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Clint Eastwood's Grand Torino

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At 78, perhaps the only actor in the history of American cinema to convincingly kick the butt of a guy 60 years his junior, the hard-headed, snarly mouthed Clint Eastwood of the 1970s comes growling back to life in Gran Torino.

Centered on a cantankerous curmudgeon who can fairly be described as Archie Bunker fully loaded (with beer and guns), the actor-director's second release of the season is his most stripped-down, unadorned picture in many a year, even as it continues his long preoccupation with race in American society. Highlighted by the star's vastly entertaining performance, this funny, broad but ultimately serious-minded drama about an old-timer driven to put things right in his deteriorating neighborhood looks to be a big audience-pleaser with mainstream viewers of all ages. In his first screen appearance since 2004's Million Dollar Baby, Eastwood revives memories of some of his earlier working-class characters; Korean War vet Walt Kowalski suggests a version of what Dirty Harry might have been like at this age, and there are elements as well of the narrow-minded, authority-driven figures in The Gauntlet and Heartbreak Ridge, as well as those films' humble settings and plain aesthetics.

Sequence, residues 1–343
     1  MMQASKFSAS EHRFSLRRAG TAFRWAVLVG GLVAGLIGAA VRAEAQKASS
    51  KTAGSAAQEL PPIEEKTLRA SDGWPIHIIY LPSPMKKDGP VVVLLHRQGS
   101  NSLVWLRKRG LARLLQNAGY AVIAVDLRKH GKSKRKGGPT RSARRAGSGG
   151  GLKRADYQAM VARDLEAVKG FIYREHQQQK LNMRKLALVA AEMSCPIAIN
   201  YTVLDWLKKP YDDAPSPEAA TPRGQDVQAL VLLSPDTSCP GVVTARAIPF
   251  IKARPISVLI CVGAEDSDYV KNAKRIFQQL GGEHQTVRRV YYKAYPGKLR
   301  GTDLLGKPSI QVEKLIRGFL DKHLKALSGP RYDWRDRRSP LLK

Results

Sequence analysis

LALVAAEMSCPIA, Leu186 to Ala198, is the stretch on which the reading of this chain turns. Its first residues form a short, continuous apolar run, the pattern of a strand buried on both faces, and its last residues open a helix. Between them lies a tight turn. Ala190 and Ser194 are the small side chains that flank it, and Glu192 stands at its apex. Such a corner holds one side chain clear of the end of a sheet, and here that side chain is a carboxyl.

While Gran Torino is entirely of a piece with Eastwood's other work, it also stands apart from his artful films of the past six years in its completely straightforward, unstudied style. To be sure, there are themes and understated points of view, most fundamentally about the need to get beyond racial and ethnic prejudice, the changing face of the nation and the future resting in the hands of today's immigrants. In a way that clearly could not have been intended, Eastwood could be said to have inadvertently made the first film of the Obama era.

Eastwood has dealt very intelligently and matter-of-factly with race throughout his career -- in Bird, Unforgiven, Million Dollar Baby, Flags of Our Fathers and Letters From Iwo Jima, among others -- and in this respect, the key scene here is one in which Kowalski takes Thao to an Italian barber and, with the intention of making him “man up," teaches him the relevant ethnic insults, which, in his world, everyone should be able to withstand and humorously throw back at the perpetrator. For the two older adults, it's a game -- a rite of passage that incorporates a healthy, if superficially abrasive, acknowledgment of their differences.

Eastwood's initial vocal rasp moderates over time, just as his character softens toward the seeming aliens who surround him. There is probably no leading Hollywood actor with less ham in him than Eastwood -- just compare him to Jack Nicholson or Al Pacino, for starters -- but by his standards, this is a real barn-burner; grumbling under his breath or merely looking askance at the perceived lowlifes that litter his existence, Eastwood clearly relishes this role and conveys his delight to the audience, to great satisfaction all around.

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